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Market Stars #8 - Courgettes and their attachments

Gosh, there are courgette flowers in the markets, and gosh, it’s exciting. And if the prices are anything to go on, there’s a glut in the UK right now. Last year, I was buying courgette flowers at around £2.50 each, which was a real treat. Last week, I picked up four for £3. If that’s not uplifting, I don’t know what is.


I’ve written before about Egizia, the wonderful lady in the Italian hills who taught me to make a sformato and shaped so much of my love for appreciating the seasons. Well, one sunny evening in her kitchen, she also showed me her prosecco-battered courgette flowers (over a glass or two – that woman loved a gossip).

And one sunny evening in lockdown, feeling a bit down about, you know, everything – I decided to make her courgette flowers. Looking at the prosecco bottle, I had a brainwave – how about Pornstar Martini Courgette Flowers?




Hear me out. The prosecco-battered courgette flowers are stuffed with a lemon and basil whipped ricotta. They sit on top of a shaved raw courgette salad, with blobs of a tart passionfruit coulis. Serve with a shot of prosecco and you’ve got a decadent plate showcasing the whole vegetable.


And so we get to what’s attached to those gorgeous, crunchy flowers. We’re in the season of baby courgettes, which are IMHO one of the ultimate summer vegetables. They’re vividly green, tender and have a fresh sweetness that puts the average all-year courgette to shame. If it weren’t psychopath behaviour, I’d snack on these whole and raw all summer long.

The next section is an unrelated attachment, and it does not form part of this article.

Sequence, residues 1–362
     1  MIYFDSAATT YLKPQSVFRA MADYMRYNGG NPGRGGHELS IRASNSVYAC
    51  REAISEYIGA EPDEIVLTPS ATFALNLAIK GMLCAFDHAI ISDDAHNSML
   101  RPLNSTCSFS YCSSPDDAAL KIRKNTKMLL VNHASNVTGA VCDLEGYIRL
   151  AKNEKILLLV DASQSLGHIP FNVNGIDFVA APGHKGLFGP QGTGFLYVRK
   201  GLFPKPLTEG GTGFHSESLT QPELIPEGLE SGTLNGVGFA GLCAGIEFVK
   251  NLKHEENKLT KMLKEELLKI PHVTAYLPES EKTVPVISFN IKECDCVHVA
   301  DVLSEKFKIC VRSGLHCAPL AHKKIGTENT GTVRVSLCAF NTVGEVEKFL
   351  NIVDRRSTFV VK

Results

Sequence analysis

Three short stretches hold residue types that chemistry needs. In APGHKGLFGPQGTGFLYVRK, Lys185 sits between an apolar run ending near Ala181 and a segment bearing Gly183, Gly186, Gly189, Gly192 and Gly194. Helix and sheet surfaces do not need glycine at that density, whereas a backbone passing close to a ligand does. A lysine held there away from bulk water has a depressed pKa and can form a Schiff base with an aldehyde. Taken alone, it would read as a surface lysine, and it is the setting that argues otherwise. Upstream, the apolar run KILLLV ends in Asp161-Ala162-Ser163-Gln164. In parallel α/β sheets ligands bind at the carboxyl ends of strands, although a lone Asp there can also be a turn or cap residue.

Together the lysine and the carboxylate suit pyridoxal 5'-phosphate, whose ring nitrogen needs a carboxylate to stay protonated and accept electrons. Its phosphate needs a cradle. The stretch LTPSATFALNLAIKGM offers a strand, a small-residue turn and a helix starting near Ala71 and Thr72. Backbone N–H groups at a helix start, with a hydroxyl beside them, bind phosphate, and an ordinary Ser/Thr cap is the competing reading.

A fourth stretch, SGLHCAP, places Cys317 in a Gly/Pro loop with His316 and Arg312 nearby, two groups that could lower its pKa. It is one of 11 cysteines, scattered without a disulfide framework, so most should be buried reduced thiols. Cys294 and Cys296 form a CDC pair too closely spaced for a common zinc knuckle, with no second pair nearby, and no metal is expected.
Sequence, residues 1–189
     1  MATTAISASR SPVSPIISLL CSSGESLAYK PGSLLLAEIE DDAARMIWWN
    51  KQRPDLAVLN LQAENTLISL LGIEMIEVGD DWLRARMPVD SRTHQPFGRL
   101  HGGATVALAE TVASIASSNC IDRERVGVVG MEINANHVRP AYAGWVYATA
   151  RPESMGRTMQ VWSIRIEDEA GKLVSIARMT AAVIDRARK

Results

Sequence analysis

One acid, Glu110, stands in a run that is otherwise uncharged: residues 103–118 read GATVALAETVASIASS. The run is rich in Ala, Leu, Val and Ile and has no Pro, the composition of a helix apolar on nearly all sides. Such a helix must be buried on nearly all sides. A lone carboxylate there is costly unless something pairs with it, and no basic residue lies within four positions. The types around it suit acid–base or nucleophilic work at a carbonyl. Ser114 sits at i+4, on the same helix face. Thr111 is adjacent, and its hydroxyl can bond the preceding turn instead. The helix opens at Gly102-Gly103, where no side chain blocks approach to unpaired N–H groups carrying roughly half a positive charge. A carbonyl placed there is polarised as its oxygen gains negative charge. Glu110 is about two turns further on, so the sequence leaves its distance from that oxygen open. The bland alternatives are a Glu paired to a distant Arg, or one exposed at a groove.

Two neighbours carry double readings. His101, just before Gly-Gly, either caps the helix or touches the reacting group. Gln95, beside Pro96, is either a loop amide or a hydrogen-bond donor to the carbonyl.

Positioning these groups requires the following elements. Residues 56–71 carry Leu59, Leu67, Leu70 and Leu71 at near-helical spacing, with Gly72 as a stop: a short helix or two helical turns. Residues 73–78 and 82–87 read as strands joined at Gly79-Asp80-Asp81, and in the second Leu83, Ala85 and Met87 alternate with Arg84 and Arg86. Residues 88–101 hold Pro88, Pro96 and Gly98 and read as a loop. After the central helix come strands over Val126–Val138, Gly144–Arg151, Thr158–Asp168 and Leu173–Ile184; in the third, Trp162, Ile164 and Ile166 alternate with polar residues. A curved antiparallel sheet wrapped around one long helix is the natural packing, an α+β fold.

Another way of showing off these seasonal stars is Spaghetti alla Nerano (sort of), which I’ve also topped with stuffed courgette flowers. Thanks to the dapper efforts of Stanley Tucci, this dish is enjoying a new wave of popularity, and it’s well due. My version was deeply inauthentic: I’m sure it’s not Neranese to add lemon, and instead of basil I tossed the pasta with handfuls of the fresh mint that’s taken over the garden of a friend’s new house, so it’s a little bit of Costiera-Amalfitana-meets-Balham.



And for a heatwave lunch, when you really can’t face frying? Here’s a Chilled Courgette and Basil Soup that looks as sweet in shot glasses as a canape as it does drizzled with a really good olive oil in a shallow dish.




And finally, no pictures or formal recipe for this one but I’ve been making a Shaved Courgette, Mint and Pea Salad about five times a summer for the last decade because I do think courgettes should often be eaten raw. I love this with a fish barbecue, and a fancy tomato salad.


All you do is blanch some peas (frozen is fine, fresh is sweeter), shave some courgettes with a peeler and tear a handful of mint to pieces. Tumble it all on a plate with a glug of olive oil, a squeeze of lemon juice and some flaked sea salt. If you’re feeling schmancy, crumble over feta, add lemon zest, add chopped black olives – the possibilities are endless.


Let me know how you get on.


Susannah

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